Dumisani Nsingo, Senior Farming Reporter
THE country’s free-range poultry farmers are failing to meet the demand as the interest in indigenous foods continues to surge, an expert says.
Speaking at a free range chicken breeding workshop in Figtree last week, one of the biggest and most reputable indigenous chicken breeders in Matabeleland region, Mr Agrey Moyo said commercial free range chicken production in the country was still at its lowest ebb. The workshop was attended by prospective and poultry farmers from Mangwe, Umguza and Gwanda Districts.
“Currently we can’t fulfils the demand of free range chickens locally for both chicks and breeding stock especially those that are at a point of laying. People aren’t aware that poultry is more of a game of numbers because when there is high demand on the market one may have all their stocks being wiped out. It’s better to have huge numbers so that you can have continuity,” said Mr Moyo.
Over the last decade there has been a rise in popularity for traditional meals that include free range chicken popularly known as “road runners” or nkukhu makhaya, guinea fowl, turkey, rabbit and duck meat to go along with traditional starches such as sorghum and rapoko pasta as well as brown rice.
While almost every household in rural areas has always kept free range chickens for food and a few have sold a bird here and there to help raise money for use around the home, commercial free range chicken production is a fairly new concept in most areas.
“The problem we have in the country is that most people are obsessed by being formally employed and tend to be ignorant of the fact that there is a day they are likely to have their contracts terminated or retire and then find themselves poverty-stricken thereafter. People should be encouraged to venture into income generating projects such as poultry. It’s not easy to start but if one perseveres they eventually reap afterwards thus there is a need to change the mindset of people,” said Mr Moyo.
The enterprising farmer hatches about 20 000 eggs a month using his large capacity micro-biological incubator and sells to a number of enthusiastic poultry farmers drawn from Bulawayo, Matabeleland South and North provinces as well as some parts of Midlands.
Mr Moyo boasts of seven breeds of free range chickens, which include boschveld, blue australorp, black australorp, koekoe, white leghorn and splash while he also raises guinea fowls and a few turkeys.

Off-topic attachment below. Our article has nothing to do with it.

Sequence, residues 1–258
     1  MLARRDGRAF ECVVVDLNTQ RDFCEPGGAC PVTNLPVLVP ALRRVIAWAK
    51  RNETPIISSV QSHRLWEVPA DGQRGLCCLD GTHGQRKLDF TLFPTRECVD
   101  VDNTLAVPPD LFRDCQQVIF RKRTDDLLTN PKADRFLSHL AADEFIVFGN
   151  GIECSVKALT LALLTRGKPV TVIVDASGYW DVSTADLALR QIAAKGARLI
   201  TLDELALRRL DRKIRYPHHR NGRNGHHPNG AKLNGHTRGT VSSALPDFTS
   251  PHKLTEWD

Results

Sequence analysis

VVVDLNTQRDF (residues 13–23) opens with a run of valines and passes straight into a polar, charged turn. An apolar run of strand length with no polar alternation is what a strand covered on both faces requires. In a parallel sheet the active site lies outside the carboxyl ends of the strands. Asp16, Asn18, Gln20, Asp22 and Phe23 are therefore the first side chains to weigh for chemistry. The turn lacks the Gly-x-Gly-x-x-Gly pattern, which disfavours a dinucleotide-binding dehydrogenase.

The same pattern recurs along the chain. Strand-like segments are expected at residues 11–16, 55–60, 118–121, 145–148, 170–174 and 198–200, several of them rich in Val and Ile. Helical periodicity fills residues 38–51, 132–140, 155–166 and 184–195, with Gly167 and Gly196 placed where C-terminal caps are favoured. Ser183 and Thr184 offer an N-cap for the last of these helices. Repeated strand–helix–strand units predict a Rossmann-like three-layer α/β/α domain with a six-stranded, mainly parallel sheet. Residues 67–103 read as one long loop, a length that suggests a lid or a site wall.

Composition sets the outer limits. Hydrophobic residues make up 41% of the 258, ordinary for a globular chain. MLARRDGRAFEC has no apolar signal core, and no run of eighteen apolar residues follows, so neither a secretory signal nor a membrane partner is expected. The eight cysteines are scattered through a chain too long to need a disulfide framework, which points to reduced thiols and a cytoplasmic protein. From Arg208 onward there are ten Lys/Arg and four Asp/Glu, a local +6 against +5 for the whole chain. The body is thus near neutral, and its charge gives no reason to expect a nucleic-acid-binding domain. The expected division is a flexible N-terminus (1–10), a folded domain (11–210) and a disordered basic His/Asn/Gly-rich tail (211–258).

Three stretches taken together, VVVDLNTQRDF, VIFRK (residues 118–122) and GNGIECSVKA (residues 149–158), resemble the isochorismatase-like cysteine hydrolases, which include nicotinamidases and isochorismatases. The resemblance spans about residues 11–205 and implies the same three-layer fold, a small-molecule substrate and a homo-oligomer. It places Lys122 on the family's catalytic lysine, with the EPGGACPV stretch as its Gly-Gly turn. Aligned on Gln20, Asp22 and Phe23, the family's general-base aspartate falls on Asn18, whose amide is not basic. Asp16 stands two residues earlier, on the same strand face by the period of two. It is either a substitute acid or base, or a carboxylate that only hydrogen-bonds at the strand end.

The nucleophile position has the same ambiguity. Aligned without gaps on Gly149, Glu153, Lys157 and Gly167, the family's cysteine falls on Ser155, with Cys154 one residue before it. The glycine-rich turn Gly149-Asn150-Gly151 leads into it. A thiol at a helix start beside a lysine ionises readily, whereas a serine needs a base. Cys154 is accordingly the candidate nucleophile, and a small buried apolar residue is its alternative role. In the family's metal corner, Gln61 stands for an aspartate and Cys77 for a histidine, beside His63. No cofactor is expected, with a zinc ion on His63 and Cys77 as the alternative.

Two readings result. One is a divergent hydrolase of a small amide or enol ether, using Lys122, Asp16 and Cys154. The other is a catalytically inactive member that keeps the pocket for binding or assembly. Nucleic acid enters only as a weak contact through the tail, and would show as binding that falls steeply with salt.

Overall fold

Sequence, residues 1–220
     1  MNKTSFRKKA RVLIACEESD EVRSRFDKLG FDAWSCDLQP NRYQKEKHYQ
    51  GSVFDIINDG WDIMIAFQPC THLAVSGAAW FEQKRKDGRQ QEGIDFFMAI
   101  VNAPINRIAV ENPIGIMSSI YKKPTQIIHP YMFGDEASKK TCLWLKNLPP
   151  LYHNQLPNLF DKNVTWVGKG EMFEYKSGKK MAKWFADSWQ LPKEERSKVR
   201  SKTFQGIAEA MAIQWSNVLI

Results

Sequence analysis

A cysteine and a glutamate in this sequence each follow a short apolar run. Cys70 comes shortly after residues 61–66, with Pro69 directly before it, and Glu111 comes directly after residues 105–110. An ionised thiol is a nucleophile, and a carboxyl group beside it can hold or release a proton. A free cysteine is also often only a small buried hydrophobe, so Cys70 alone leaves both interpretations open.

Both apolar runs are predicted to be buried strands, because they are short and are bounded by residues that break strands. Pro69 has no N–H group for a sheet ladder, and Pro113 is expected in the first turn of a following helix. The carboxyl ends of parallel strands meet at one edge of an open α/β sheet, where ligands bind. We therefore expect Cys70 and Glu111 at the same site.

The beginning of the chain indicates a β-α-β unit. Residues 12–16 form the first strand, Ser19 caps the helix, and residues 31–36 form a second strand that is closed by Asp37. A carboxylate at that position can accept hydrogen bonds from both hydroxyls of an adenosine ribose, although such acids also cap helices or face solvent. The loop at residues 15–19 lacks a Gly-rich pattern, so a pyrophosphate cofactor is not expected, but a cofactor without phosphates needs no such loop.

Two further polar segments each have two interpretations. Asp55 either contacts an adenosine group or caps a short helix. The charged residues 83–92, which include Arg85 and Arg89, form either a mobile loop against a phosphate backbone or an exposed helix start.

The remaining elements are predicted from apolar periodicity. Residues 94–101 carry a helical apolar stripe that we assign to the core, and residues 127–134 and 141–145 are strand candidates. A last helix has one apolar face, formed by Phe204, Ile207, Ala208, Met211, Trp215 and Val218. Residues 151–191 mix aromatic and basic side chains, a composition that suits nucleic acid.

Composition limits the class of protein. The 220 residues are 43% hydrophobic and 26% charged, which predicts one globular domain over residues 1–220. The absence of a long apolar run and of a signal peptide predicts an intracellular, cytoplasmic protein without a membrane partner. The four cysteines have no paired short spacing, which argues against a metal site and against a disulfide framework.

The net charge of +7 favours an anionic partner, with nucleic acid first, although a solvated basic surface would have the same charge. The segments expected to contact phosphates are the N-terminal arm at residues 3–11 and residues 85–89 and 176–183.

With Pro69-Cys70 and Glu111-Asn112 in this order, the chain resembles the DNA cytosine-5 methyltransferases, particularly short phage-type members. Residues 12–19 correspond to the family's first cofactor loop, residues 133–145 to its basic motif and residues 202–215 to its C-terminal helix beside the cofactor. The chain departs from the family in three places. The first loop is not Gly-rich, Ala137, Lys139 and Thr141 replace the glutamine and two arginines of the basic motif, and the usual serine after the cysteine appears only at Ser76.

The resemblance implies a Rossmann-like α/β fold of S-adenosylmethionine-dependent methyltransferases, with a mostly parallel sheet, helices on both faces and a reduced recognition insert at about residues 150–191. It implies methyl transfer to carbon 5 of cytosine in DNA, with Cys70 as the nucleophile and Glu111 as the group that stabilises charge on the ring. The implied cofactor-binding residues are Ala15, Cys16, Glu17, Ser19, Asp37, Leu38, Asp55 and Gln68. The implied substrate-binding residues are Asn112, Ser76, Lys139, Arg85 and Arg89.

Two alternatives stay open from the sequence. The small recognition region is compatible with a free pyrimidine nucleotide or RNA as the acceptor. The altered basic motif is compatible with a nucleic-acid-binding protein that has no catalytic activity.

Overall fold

An extension officer in the Department of Agricultural Technical and Extension Services (Agritex) in Bulilima District Mrs Nyararai Chinyoka said there has been a growing interest in rearing free range chickens over the past few years in a market that has been dominated by hybrids.
“There has been growing interest in free range chickens rearing but most of the farmers are still struggling to realise optimum profits from their enterprises largely due to lack of proper production and management skills with improper housing being the major factor,” said Mrs Chinyoka.
Free ranging is simple and economically viable when it comes to feeding. Free range chickens can feed on a normal diet of grass, worms and bugs as they are allowed to freely roam about and access sunshine for long stretches of time each day.
There are however, plenty of other foods that free range birds can feed on, which include small grains such as rapoko, millet, sorghum and ground maize as well as fish meal, cotton seed, sunflower cake, maize germ and bone meal.
The rise in free range chickens poultry production has led most stock feed manufacturers to produce alternative feed for these birds.
“We have been producing specific feed for ‘road runner’ chickens for the past six years and we have also been offering technical support to these poultry farmers at no charge to assist them get established because this is a fairly new project. They are very few farmers that have really embraced it.
“We impart them with the requisite information that it’s no longer about throwing grains or food leftovers at the chickens but they need to add value and get the business side of those ‘road runners’. The volumes of free range chickens have been steadily been increasing over months . . .,” said Feedmix technical sales representative Ms Nomagugu Matwasa.
Agribank sales and marketing officer Mr Noel Sibanda said the financial institution was offering a number of loans tailor made to suit small-scale farmers.
“We have a number of loan facilities to offer to various groups of people as with this nature of project we are looking at individuals accessing loans through our youth empowerment and women empowerment funds for working capital or capital expenditure purposes.
“We also have a micro-finance division, which offers loans from as low as $20 to $2 000. Considering that some of the poultry farmers are formally employed we offer loans through our consumer facility whereby we will issue then loans 12 times their net salary payable over 36 months,” said Mr Sibanda.